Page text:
(221f) Iridium Nanowires As Highly Active, Oxygen Evolution Reaction Electrocatalysts | AIChE

(221f) Iridium Nanowires As Highly Active, Oxygen Evolution Reaction Electrocatalysts


Alia, S. - Presenter, National Renewable Energy Laboratory
Shulda, S., Colorado School of Mines
Ngo, C., Colorado School of Mines
Pylypenko, S., Colorado School of Mines
Pivovar, B. S., National Renewable Energy Laboratory
Iridium Nanowires as Highly Active, Oxygen Evolution Reaction Electrocatalysts

Shaun M. Alia, Sarah Shulda, Chilan Ngo, Svitlana Pylypenko, Bryan S. Pivovar

In the United States, 2% of energy used goes through the hydrogen pathway, to produce ammonia in agriculture and upgrade oil in transportation. [1, 2] While most hydrogen is produced by steam methane reformation, electrolysis can become competitive with the use of low-cost renewable power sources. Further reductions in the cost of renewables may increase hydrogen use as an energy intermediate between the electric grid and transportation and industrial processes. [3]

Electrolyzers today operate at high capacity and with constant power input. A shift toward intermittent renewables and a focus on hydrogen production cost, however, increases the importance of catalyst thrifting and durability in the oxygen evolution reaction (OER). [2] Iridium or iridium oxide nanoparticles are typically used as OER catalysts, but are limited in activity and durability, particularly at low loading. [4]

Iridium-nickel and iridium-cobalt nanowires have been developed as OER electrocatalysts for proton exchange membrane-based electrolyzers. These catalysts use similar templates and synthesis routes previously used in the development of fuel cell oxygen reduction electrocatalysts. [5] A previous comparison between polycrystalline iridium and nanoparticles suggests that extended structures can potentially benefit from higher site-specific activity. [4] Differences between the nanowire templates affect catalyst composition, structure, and OER activity. While these materials exceed the performance of iridium nanoparticles, acid leaching is necessary to minimize template dissolution and improve durability. The acid leached catalysts exceed the half-cell activity of nanoparticles by an order of magnitude, and the half-cell mass activity of any catalyst available in literature by 4 times. In membrane electrode assemblies, the nanowires also outperform traditional iridium catalysts by 4‒5 times in single-cell electrolyzers.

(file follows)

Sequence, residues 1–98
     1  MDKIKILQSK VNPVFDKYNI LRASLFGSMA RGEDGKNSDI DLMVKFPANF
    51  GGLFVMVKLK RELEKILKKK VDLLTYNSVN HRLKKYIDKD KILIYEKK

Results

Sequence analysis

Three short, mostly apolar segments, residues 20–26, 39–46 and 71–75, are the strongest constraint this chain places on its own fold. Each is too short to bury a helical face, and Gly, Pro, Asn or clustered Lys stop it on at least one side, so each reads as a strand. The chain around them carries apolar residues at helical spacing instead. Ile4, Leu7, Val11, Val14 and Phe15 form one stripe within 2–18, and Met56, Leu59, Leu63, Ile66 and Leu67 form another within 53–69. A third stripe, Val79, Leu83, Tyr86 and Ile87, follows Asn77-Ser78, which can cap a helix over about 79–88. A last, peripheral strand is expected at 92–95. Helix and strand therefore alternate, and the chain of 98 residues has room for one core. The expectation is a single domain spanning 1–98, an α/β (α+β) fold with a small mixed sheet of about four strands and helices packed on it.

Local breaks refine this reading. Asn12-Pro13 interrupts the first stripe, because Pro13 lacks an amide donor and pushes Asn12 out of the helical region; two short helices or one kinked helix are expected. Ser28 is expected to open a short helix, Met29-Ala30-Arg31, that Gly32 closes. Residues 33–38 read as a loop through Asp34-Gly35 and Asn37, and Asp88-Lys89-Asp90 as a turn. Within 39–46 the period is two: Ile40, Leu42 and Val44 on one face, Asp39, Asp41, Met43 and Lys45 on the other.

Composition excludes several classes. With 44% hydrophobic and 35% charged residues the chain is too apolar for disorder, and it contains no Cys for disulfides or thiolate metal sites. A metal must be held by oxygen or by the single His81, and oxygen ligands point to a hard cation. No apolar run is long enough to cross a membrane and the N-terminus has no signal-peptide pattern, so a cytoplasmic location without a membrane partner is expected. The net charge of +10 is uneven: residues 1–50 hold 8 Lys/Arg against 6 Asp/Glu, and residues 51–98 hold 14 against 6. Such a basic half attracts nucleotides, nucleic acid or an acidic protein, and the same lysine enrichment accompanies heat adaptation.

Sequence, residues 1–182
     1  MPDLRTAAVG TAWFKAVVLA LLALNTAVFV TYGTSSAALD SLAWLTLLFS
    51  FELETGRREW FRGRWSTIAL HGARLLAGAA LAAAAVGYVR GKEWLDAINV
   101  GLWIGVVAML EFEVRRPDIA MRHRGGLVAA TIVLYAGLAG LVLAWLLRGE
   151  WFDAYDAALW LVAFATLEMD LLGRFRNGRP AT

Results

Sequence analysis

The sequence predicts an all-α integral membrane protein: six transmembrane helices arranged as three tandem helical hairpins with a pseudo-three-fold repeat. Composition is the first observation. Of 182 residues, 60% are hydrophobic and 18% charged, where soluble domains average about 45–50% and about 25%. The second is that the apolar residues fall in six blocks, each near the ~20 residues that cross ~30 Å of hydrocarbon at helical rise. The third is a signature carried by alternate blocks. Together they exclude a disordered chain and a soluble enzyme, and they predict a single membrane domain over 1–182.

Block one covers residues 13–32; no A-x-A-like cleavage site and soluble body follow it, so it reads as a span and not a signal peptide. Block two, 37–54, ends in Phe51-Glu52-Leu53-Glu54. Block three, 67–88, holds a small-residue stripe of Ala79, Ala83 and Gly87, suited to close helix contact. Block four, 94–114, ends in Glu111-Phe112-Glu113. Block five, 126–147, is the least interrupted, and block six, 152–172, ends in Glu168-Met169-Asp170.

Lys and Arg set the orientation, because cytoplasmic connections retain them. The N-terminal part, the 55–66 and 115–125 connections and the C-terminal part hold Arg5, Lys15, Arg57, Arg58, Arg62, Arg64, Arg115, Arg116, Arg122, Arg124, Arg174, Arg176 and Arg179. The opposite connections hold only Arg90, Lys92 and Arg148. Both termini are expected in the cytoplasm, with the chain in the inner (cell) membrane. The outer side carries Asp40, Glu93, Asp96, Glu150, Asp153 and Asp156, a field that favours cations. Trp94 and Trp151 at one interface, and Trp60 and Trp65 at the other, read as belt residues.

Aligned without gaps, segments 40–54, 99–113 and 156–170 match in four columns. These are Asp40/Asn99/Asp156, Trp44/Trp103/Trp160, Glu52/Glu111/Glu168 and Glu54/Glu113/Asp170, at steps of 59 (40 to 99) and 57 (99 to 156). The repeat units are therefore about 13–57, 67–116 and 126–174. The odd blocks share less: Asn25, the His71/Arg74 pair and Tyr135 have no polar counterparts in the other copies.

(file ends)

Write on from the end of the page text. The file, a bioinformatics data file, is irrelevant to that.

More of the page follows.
[1] A. Milbrandt and M. Mann, ed. U. S. Department of Energy, http://www.nrel.gov/docs/fy09osti/42773.pdf, 2009.

[2] U. S. Department of Energy, https://www.hydrogen.energy.gov/pdfs/review16/2016_amr_h2_at_scale.pdf, 2016.

[3] P. Denholm, M. O'Connell, G. Brinkman and J. Jorgenson, ed. U. S. Department of Energy, http://www.nrel.gov/docs/fy16osti/65023.pdf, 2015, vol. NREL/TP-6A20-65023, ch. NREL/TP-6A20-65023.

[4] S. M. Alia, B. Rasimick, C. Ngo, K. C. Neyerlin, S. S. Kocha, S. Pylypenko, H. Xu and B. S. Pivovar, Journal of The Electrochemical Society, 2016, 163, F3105-F3112.

[5] S. M. Alia, Y. S. Yan and B. S. Pivovar, Catalysis Science & Technology, 2014, 4, 3589-3600.